Eating disorders, regardless of the specific diagnosis, have always come in different packages, shapes, sizes, experiences, and with their own unique challenges. But they’ve always had the same underlying constructs: disturbances in, and preoccupation with, eating and weight control behaviors, poor body image, and the resulting negative emotions stemming from these. Current statistics estimate that around 9% of the United States population- around 30 million people- will suffer from an eating disorder at some point in their lives. Of those, nearly 70% won’t seek treatment. But why?
Research points to a number of factors underlying disordered eating which includes genetic makeup, trauma, co-morbid mental health disorders, and personality characteristics- just to scratch the surface. Further, we live in a world saturated with social media, diet culture, and expectations of a certain ideal of perfection that doesn’t always fit into the realities of everyday life.
The idea of dieting, particularly fad diets and quick fixes, has become so ingrained in our society that we don’t always recognize it as unhealthy or maladaptive. A study from 2015 found that 80% of 10-year-old girls have been on a diet. If we don’t recognize something as a problem because it is so normalized by our surroundings, it is hard to ask for help! Further, there is a significant stigma around eating and weight behaviors that has always impacted help-seeking.
2020 actually saw a dramatic uptick in people seeking treatment for disordered eating, likely in part due to the increased awareness on mental health stemming from collective trauma around the pandemic. There has also been a significant exacerbation of symptoms for those already suffering from an eating disorder.
Remember the expectation at the start of the pandemic, where the social media message was that if you don’t learn a new skill by the end of quarantine, you’ve done something wrong? The reality for most people was that isolation, lack of structure, and limited access to support (of all kinds), on top of very real financial stressors, dramatically impacted overall well-being and mental health suffered as a result. Disordered eating was no different, and, in fact, the number of lapses, relapses, and overall struggles with these disorders increased. That being said, the increase in help-seeking reflects a silver-lining within the pandemic. After all, what better time than now to start or continue on your recovery journey?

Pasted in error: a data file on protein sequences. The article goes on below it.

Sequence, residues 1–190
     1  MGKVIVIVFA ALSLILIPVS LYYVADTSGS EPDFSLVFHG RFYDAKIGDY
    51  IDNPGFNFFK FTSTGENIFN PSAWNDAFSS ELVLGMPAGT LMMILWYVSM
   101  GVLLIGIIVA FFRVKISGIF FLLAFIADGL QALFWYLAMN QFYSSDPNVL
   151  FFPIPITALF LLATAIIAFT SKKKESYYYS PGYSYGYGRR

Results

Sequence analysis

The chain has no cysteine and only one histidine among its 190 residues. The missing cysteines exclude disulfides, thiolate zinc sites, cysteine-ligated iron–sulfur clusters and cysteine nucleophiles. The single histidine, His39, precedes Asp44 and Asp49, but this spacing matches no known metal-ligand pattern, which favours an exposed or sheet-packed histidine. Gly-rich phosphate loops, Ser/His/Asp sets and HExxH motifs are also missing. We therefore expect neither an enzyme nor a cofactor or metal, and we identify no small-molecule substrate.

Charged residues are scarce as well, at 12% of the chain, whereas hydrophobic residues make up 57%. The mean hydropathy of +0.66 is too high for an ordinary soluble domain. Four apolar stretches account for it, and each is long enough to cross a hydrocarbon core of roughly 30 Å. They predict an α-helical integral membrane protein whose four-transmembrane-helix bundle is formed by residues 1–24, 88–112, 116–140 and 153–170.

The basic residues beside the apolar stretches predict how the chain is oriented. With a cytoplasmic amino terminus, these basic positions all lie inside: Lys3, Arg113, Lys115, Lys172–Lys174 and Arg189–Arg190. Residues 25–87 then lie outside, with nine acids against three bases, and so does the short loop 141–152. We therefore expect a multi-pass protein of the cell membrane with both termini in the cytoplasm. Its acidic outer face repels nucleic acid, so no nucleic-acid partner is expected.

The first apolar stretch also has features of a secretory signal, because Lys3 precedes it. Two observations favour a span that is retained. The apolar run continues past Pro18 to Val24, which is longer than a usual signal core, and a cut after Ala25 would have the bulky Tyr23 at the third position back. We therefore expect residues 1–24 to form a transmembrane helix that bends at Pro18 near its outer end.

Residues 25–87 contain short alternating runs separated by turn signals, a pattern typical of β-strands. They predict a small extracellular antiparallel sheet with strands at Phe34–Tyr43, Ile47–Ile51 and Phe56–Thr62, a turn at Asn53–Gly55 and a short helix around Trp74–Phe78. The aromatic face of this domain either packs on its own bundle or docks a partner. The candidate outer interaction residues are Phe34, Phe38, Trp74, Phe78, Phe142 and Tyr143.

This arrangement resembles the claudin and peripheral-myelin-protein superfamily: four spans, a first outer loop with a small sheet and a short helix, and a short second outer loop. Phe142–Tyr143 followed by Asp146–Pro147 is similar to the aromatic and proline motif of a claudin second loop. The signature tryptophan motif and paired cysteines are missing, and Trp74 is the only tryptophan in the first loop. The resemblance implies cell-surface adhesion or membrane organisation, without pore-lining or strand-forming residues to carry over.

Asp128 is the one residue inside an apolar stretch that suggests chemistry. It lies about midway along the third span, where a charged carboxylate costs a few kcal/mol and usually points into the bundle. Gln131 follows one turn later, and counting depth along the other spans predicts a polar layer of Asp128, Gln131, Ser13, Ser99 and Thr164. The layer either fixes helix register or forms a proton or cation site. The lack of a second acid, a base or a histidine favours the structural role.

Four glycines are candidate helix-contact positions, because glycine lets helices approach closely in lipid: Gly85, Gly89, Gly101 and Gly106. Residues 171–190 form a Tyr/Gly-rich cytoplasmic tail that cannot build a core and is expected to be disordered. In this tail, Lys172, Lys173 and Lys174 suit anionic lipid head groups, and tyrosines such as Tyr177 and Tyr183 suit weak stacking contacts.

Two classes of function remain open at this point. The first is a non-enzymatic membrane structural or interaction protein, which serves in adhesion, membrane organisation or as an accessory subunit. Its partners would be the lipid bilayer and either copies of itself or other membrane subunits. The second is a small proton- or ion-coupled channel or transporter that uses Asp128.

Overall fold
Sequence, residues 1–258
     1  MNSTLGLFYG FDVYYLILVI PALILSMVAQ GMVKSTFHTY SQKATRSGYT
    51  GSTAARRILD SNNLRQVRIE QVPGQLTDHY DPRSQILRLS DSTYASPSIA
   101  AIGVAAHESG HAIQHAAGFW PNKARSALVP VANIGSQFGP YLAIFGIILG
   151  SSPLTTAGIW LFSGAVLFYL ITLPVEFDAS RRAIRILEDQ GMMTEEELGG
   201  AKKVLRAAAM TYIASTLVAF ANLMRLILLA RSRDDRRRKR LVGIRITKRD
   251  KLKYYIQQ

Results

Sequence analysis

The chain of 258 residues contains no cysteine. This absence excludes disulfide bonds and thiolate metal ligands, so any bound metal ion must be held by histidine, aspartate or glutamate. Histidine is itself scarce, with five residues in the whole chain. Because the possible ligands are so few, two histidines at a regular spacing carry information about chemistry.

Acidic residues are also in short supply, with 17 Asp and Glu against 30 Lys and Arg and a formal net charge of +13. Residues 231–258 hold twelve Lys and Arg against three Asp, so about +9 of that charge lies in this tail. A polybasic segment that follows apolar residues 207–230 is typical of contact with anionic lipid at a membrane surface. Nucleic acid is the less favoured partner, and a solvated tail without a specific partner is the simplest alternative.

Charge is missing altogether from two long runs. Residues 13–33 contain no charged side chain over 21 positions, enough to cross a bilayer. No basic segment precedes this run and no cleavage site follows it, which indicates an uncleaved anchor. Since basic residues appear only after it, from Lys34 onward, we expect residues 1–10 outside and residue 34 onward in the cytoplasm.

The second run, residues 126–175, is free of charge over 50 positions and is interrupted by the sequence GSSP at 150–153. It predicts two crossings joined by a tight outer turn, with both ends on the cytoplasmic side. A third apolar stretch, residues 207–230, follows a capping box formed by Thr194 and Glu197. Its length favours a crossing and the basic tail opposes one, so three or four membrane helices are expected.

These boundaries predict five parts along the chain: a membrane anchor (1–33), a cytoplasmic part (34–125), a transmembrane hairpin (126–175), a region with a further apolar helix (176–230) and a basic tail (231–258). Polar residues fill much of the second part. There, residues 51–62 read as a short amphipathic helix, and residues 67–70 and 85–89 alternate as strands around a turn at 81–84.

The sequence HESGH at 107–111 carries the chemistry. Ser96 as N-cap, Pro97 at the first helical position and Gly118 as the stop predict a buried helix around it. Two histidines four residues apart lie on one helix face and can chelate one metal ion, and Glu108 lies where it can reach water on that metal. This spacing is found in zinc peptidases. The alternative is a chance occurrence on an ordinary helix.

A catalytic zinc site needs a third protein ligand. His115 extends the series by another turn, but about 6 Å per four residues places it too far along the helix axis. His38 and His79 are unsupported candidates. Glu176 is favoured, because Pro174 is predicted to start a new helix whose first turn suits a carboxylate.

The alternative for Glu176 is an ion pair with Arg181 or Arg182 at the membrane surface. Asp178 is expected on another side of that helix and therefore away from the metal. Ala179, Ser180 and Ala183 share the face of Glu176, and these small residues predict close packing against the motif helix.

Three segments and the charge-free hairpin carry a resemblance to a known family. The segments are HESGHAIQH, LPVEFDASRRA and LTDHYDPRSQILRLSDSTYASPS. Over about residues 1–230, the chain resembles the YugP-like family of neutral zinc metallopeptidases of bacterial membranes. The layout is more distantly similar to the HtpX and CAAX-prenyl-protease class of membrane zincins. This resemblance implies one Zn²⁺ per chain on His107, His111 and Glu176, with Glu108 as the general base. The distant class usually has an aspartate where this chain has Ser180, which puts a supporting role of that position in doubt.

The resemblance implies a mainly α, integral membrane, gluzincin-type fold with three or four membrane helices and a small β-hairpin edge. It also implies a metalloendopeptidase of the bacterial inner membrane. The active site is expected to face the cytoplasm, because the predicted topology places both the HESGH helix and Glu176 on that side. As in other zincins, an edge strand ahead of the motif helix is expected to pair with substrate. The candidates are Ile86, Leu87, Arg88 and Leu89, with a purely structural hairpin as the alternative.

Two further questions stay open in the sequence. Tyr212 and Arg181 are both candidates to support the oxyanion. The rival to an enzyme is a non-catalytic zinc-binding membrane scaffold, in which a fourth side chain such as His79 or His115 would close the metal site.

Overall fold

The following tips are some lessons and take-aways for eating disorder recovery in general, but specifically focused on recovery during a pandemic.
1.Create Structure: Some eating disorders thrive on rigid structure, while others thrive in chaos. Working towards balance is so important to recovery: have some general time frames for meals, try to set specific work or school hours where possible, and outlining a general routine can be helpful.
2. A Lapse is Not a Relapse: It is alright to be struggling during this period, or generally in recovery. But it’s important to hold space for the fact that a bad moment does not make a bad day, or a bad month. A lapse can be just a lapse, and doesn’t mean you are failing at recovery.
3. Get off the Hamster Wheel: By this, I mean the rigid dieting. The reason that eating disorders become engrained, and also the reason why healthy dieting often fails, is because they can be a vicious cycle. Think of it this way:
restriction->small lapse or overeating-> binge -> shame -> restriction
The goal here is to make a change to any of these pieces, and thus break the cycle itself. The human body is not meant to live in a state of restriction, and will always seek homeostasis and nutritional balance, which is setting you up to fail any time you restrict or under eat. Getting off the wheel means approaching eating, meals, and exercise, with balance.
4. Find a Why: Having a goal, a motivator, or something you are working towards is integral to recovery. You don’t have to want it every second of every day, but you do have to choose recovery and make steps towards it even in moments where it is hard.
5. Lean In Hard With Coping Skills: For many people, the eating disorder represents either the ultimate form of control, or a way to cope with stress. The reality is that disordered eating represents a lack of control, and is also a maladaptive coping strategy that typically ends up worsening mood and functioning rather than helping. The alternative to leaning on the eating disorder is finding something else to use as a coping strategy and working to replace these behaviors with something healthier.
6. Use Your Support System: This means people around you, but also your treatment team. You are worthy of support and help!
7. Be Mindful with Social Media: There are so many unhealthy messages, fad diets, quick solutions, and false advertising on social media. If you are going to spend your time there, be a careful consumer. Monitor and be mindful of who you are following and allowing into your headspace. Remember that a lot of social media is altered, edited, and isn’t always someone’s reality.